Our family would have enjoyed being friends with yours. I believe that a semi-bizarre-oh childhood is a hidden, unexplored and rarely discussed success gene/quirk/chink/blessing/scuff for real estate agents.

    Thanks.

  5. Brian Brady

    April 19, 2009 at 8:36 pm

    “it’s a place in New Jersey”

    Where? If your Dad’s watching the Yankees (in ’69) then it had to be in WPIX range.

    @BawldGuy- her Dad would have been listening to Jerry Coleman with Scooter and Whitey

  6. BawldGuy

    April 19, 2009 at 8:58 pm

    The thought had crossed my mind. 🙂

  7. Gwen Banta

    April 19, 2009 at 11:30 pm

    Gee Guys, You got me there. I wish I could answer that, but I can’t. My dad was obssessed with the Yankees, but he also followed every other team in the league. When we lived in N.Y., he let me cut school to stay home and listen to the World Series with him. He also was an Indy 500 fan, so this time of year brings back great memories. I think I’ll check out all the sports info with you guys before I mention anything in that area again, because to me, it is all one blend of announcers, noise, excitement and Harry Caray moments. It seems to me that the day the agent was visiting our house was a Yankee day, but Dad may have just been yelling about a “brewski.” It all went hand-in-hand in our boisterous household. Thanks for the keen eye…and thanks so much for your comments.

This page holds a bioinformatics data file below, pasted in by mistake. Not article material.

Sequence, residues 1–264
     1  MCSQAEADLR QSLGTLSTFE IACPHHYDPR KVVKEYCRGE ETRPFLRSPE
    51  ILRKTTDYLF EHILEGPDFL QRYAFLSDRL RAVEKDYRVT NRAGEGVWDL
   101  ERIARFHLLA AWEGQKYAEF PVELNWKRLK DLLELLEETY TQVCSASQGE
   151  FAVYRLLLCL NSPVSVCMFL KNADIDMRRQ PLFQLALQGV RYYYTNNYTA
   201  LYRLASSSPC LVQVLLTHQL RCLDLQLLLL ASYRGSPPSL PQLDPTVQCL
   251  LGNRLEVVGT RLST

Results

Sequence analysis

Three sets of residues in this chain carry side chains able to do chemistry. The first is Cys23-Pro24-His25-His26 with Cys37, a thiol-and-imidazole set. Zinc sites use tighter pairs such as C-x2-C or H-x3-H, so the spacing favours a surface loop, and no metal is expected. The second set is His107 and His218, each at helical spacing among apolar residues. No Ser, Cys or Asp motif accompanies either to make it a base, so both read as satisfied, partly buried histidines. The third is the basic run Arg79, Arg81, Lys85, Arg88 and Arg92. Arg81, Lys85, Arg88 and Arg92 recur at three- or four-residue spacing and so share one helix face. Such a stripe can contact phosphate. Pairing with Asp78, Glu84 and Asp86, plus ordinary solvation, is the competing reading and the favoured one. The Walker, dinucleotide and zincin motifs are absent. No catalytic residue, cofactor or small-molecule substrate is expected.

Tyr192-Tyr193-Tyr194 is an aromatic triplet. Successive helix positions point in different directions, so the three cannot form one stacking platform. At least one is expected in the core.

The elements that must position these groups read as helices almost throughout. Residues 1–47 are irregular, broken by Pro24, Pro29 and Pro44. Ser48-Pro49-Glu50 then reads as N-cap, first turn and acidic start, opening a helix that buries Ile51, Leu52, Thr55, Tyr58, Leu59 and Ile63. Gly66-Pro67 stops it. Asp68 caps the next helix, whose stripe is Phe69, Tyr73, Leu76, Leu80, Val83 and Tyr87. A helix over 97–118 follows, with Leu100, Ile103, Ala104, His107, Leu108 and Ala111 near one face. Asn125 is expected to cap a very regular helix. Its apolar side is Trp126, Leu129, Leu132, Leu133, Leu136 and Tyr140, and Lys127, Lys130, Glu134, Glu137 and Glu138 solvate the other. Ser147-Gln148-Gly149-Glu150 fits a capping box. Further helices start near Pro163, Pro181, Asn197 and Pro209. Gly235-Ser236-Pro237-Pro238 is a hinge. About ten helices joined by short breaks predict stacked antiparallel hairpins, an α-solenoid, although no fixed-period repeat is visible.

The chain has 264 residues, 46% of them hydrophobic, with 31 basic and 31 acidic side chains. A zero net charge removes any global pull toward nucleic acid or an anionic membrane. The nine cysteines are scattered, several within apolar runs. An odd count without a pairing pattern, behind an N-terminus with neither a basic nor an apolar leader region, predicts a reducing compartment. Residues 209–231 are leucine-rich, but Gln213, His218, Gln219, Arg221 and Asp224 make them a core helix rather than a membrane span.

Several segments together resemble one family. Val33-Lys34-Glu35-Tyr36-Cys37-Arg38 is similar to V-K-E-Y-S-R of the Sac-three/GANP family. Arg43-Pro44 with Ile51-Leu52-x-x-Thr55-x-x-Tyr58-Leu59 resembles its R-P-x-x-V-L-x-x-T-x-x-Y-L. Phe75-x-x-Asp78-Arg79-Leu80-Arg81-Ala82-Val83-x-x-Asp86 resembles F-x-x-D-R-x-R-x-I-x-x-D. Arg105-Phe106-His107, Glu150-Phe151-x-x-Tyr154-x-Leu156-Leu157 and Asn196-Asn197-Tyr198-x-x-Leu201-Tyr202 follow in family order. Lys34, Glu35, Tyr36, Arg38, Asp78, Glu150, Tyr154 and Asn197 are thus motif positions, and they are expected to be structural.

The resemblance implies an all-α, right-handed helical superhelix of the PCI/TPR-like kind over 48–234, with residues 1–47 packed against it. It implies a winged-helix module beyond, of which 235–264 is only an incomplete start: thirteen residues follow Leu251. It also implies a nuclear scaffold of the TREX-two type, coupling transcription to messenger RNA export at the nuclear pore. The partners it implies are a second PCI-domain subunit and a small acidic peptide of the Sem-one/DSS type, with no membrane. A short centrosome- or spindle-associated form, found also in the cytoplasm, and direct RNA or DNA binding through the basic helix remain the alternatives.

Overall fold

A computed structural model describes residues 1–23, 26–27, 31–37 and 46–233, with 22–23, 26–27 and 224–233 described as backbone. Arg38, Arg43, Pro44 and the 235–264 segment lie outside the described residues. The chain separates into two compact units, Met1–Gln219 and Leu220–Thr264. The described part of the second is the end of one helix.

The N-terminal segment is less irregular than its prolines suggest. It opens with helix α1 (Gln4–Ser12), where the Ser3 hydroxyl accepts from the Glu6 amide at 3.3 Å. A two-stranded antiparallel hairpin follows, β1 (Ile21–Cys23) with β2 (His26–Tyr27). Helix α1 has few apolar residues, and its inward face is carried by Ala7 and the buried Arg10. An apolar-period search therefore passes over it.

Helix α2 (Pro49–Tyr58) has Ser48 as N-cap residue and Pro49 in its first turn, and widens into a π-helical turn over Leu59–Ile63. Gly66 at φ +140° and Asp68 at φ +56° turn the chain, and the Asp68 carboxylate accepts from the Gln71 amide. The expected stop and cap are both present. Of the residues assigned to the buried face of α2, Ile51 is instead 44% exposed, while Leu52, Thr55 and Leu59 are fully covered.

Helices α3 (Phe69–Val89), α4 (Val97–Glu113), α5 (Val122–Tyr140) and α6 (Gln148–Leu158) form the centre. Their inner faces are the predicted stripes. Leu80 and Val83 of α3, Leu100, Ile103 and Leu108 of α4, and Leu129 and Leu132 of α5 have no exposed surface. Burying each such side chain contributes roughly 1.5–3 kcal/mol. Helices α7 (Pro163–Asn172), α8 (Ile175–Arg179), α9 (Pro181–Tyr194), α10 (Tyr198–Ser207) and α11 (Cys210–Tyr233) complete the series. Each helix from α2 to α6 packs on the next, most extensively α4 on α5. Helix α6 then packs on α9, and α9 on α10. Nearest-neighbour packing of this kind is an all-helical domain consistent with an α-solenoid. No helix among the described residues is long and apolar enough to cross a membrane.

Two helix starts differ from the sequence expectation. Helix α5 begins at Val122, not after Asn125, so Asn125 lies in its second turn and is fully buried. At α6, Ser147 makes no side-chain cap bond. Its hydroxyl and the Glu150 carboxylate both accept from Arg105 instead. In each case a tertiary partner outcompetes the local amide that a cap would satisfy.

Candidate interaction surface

8. Brian Brady

    April 20, 2009 at 9:01 am

    My question wasn’t clear, Gwen. Where in Jersey?

  9. Brian Brady

    April 20, 2009 at 9:01 am

    PS: I ask because I grew up in Cherry Hill

  10. Gwen Banta

    April 20, 2009 at 10:41 am

    We lived in Hamilton Square, Brian – between Trenton and Princeton. I spent some time in Cherry Hill, and I have some fond memories from that area as well. I’m actually from New York (upstate), but we moved to Jersey when I was entering High School. Jersey still seems like home to me because that’s where I returned to visit my family as my sisters were growing up and all the remaining years of my parents lives. I sure do miss “tomato pies” and cannolis!

  11. Brian Brady

    April 21, 2009 at 7:31 pm

    Hamilton Square- know it well. Your dad watched the Yankees but half your neighbors were Phillies fans. Mercer, Middlesex and Monmouth counties were like “no-man’s land” for sports.